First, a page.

Chapter 11. Data Virtualization Architecture


Transport services manage client connections: security authentication, encryption, and so forth.
Query Engine
The query engine has several layers and components. At a high level, request processing is structured as follows:

The following diagram shows the components that make up the data virtualization service in greater detail: images/data_virt_engine.png

  1. SQL is converted to a processor plan. The engine receives an incoming SQL query. It is parsed to a internal command. Then the command is converted a logical plan via resolving, validating, and rewriting. Finally, rule and cost-based optimization convert the logical plan to a final processor plan. For more information, see Federated planning.
  2. Batch processing. The source and other aspects of query processing may return results asynchronously to the processing thread. As soon as possible, batches of results are made available to the client.
  3. Buffer management controls the bulk of the on and off heap memory that Data Virtualization is using. It prevents consuming too much memory that otherwise might exceed the VM size.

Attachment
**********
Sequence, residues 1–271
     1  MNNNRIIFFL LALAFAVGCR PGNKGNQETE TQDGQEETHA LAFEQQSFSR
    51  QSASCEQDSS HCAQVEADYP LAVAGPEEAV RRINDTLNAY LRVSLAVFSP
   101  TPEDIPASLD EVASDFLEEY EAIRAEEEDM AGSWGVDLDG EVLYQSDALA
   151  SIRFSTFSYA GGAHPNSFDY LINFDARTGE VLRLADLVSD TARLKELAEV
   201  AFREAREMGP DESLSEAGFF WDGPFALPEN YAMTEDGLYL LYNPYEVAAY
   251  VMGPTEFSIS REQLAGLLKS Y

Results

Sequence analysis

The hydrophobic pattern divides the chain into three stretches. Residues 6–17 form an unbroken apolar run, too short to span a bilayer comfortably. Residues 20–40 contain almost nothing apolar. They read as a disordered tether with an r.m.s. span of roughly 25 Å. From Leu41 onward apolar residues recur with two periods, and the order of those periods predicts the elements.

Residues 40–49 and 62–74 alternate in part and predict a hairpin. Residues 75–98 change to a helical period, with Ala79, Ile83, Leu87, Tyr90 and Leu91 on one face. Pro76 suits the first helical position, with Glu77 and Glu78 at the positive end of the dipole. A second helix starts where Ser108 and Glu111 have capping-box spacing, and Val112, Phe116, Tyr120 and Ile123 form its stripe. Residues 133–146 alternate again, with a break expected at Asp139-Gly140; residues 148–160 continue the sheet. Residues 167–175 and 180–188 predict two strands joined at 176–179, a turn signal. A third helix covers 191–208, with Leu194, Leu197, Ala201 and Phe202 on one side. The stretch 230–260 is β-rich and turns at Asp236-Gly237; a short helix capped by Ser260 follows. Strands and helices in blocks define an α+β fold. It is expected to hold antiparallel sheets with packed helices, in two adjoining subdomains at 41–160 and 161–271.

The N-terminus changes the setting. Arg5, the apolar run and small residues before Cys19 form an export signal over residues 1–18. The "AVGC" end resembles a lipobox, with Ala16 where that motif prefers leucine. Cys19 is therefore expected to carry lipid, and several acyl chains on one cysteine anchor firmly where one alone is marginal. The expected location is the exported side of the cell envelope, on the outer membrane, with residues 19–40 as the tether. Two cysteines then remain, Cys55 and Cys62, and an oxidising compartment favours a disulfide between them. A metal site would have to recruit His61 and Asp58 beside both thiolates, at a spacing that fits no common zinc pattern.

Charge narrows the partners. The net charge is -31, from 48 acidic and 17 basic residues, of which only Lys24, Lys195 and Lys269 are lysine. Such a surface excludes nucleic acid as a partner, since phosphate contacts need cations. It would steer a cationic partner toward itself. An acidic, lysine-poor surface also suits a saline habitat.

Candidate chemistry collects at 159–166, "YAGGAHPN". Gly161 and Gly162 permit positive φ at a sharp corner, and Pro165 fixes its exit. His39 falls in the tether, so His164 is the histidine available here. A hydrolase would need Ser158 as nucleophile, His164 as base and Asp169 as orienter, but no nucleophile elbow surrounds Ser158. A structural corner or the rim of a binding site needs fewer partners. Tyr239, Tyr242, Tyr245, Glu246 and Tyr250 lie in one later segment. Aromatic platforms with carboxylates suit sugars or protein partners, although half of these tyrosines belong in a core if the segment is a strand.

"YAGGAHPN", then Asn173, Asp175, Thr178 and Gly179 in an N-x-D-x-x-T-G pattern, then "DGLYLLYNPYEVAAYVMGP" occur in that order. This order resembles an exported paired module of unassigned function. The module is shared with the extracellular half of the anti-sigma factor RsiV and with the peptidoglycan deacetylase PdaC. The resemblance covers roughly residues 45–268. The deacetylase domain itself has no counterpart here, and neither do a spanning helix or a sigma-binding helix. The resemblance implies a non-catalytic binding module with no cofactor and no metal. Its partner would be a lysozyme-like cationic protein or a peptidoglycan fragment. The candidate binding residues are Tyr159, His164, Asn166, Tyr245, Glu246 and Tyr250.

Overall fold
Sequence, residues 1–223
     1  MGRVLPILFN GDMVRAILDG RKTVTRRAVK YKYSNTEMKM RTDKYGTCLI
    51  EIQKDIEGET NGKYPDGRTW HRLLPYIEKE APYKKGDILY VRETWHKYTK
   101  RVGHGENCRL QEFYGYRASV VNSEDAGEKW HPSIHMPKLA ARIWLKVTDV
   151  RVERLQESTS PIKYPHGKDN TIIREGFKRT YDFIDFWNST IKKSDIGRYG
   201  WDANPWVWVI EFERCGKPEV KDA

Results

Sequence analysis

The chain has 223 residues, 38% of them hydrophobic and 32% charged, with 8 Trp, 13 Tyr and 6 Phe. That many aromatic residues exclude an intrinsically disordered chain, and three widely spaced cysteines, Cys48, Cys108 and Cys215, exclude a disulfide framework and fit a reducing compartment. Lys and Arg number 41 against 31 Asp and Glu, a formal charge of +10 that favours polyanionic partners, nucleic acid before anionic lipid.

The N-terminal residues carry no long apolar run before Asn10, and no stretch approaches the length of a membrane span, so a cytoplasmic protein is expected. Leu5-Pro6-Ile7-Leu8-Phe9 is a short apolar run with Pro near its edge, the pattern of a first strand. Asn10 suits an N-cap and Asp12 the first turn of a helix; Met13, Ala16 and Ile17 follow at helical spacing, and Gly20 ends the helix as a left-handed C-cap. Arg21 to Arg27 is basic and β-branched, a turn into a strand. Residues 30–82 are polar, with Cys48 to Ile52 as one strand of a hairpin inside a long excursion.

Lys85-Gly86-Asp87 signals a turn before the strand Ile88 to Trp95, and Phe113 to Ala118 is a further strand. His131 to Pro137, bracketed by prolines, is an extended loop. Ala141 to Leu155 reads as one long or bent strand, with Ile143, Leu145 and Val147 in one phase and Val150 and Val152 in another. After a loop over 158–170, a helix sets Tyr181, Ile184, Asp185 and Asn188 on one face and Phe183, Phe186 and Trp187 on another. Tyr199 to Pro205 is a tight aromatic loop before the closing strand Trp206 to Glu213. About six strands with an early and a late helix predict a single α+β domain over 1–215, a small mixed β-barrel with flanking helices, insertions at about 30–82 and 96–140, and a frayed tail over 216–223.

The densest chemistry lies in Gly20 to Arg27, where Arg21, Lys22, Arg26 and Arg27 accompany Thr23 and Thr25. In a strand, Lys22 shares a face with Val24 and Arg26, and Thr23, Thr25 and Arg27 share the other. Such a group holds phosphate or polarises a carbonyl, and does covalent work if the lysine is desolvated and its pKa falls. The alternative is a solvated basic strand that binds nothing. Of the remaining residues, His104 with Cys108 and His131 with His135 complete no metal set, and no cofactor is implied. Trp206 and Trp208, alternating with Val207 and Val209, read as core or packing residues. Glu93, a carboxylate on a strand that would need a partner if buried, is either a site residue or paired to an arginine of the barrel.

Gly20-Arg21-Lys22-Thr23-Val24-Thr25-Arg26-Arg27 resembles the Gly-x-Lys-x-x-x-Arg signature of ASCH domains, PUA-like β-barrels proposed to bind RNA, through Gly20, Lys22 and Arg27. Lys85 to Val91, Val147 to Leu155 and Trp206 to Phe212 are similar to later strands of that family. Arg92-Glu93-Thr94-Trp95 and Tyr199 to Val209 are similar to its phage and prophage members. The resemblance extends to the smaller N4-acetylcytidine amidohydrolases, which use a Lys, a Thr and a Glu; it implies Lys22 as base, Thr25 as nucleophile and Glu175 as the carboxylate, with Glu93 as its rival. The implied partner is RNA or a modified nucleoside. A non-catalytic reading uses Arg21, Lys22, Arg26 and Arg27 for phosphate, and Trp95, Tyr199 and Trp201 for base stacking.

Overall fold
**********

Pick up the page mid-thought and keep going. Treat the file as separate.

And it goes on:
4. Transaction management determines when transactions are needed and interacts with the TransactionManager subsystem to coordinate XA transactions.

    Source queries are handled by the data tier layer which interfaces with the query engine and the connector layer which utilizes a translator to interact directly with a source. Connectivity is provided for heterogeneous data stores, such as databases or data warehouses, NoSQL, Hadoop, data grid/cache, files, SaaS, and so on.

    Data Virtualization has developed a series of translators. For more information, see Translators.

11.1. Terminology

VM or process
A Spring Boot instance of Data Virtualization.  
A machine that runs one or more VMs.

A subsystem that runs in a VM (often in many VMs) and provides a related set of functionality. In addition to these main components, the service platform makes the following core set of services available to the applications that are built on top of it:

The Session service manages active session information.
Buffer manager
The Buffer Manager service provides access to data management for intermediate results. For more information, see Buffer management in Data management.
The Transaction service manages global, local, and request scoped transactions. For more information, see Transactions.